This week we discuss the Brexit thick word soup and why the UK needs reform of everything instead.

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Show Notes

Also happening…

That Leaving the EU thing

With a heavy heart we have been forced to return to that thing we usually ignore because nothing happens with it.

There’s a funny article in Foreign Policy that seems to argue the strength of the Italian President as a political figure is the reason Italy is super okay now and the UK is not… so like… it’s the systems fault?

Umm.. I guess. Though the probably many things?

foreignpolicy.com

Why don’t we talk about this more?

Well most of the news follows the pattern of “X says Y about Brexit Deal” -

This week’s examples:

  • Barnier said no renegotiation until Parliament ratifies deal www.politico.euwww.dw.com
  • Johnson says they need to renegotiate deal

  • Former PM John Major says suspending parliament to avoid votes relating to deal may be illegal and joins court case (www.bbc.co.uk )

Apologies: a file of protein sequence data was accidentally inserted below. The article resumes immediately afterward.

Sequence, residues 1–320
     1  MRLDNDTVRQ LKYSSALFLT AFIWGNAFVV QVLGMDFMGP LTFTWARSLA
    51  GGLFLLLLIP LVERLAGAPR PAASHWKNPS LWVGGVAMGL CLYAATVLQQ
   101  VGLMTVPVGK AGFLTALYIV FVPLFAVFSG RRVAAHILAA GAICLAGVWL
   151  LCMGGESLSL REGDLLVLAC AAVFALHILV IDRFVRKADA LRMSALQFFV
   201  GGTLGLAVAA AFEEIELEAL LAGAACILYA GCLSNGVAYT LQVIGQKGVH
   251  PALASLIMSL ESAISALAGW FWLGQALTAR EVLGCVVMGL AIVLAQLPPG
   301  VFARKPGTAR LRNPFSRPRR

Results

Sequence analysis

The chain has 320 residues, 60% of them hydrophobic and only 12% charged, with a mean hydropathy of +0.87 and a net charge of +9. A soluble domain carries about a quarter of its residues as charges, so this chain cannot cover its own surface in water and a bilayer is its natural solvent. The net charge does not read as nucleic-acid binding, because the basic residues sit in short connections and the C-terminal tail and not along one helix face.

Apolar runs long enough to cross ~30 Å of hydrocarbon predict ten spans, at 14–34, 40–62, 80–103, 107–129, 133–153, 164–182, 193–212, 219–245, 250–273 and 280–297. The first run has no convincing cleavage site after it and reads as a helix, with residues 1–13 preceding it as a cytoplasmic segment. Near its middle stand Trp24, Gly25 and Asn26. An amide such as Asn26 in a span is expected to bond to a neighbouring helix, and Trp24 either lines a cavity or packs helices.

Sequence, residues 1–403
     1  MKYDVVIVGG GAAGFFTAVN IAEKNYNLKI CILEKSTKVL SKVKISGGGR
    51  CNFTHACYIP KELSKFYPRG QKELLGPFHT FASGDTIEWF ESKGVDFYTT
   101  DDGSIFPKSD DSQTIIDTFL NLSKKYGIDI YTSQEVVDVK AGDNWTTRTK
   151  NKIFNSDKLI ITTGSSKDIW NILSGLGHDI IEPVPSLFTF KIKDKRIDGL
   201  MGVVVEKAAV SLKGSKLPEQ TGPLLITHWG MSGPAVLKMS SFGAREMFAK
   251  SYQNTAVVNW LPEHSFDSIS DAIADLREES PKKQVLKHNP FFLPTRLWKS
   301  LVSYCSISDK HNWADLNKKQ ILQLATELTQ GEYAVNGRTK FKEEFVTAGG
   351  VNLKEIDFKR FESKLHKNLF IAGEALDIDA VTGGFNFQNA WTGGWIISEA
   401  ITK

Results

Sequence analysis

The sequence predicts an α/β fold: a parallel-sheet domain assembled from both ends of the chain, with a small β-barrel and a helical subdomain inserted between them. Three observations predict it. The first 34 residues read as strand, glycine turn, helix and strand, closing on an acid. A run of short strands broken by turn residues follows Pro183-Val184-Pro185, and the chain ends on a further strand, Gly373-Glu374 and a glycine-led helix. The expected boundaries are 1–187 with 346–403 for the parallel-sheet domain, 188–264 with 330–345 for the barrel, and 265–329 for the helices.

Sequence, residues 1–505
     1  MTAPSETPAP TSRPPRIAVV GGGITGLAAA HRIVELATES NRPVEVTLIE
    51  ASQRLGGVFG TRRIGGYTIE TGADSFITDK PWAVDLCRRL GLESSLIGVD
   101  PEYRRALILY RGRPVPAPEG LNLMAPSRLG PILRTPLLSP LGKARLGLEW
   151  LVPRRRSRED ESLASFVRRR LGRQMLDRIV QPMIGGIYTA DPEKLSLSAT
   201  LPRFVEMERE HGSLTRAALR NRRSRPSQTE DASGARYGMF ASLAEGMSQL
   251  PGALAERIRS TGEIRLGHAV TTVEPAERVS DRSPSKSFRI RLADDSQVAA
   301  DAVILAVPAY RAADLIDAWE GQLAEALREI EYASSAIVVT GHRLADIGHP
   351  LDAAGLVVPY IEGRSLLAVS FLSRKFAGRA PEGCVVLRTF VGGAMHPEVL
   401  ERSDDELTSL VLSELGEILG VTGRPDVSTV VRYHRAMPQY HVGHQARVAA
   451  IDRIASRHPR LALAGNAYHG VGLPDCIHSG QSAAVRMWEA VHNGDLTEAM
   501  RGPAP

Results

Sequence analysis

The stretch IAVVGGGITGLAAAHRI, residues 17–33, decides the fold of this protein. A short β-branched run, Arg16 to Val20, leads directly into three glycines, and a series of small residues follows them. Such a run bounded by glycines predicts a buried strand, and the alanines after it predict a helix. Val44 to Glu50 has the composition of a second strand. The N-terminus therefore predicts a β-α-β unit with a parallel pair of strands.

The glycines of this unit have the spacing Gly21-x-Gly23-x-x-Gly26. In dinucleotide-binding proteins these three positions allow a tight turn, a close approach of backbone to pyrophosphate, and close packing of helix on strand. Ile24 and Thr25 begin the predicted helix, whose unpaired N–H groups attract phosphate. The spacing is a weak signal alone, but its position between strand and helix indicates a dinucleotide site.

• Corbyn says “sovereignty” should rest with people, speaking about the deal (www.theguardian.com )
  • Trump says deal bad… (insert infinite sources…)

The words coup, sovereignty and backstop have lost all meaning, not just because of overuse - but because both sides are playing the “no accepting the terms” game and accusing each other of the same thing

“Suspending parliament is a coup”… “no the real coup is the remain weirdos and their pal Corbyn trying to pass legalisation”… I don’t see how either of these things are coups so no wonder

dictionary.cambridge.org

But then again this is nuts

PM effectively being the executive is pretty nuts and combined with a FPTP system it creates some weird power trips.

The whole Chancellor’s advisor being fired and escorted out by armed police without asking the Chancellor… The weird guy Benedict Cumberbatch played in a film once seems to be making staffing decisions now?

Other countries where the PM has effectively absolute power (in europe anyway) are much more fragmented systems like Denmark where the PM has to watch themselves somewhat because their government is much more fragile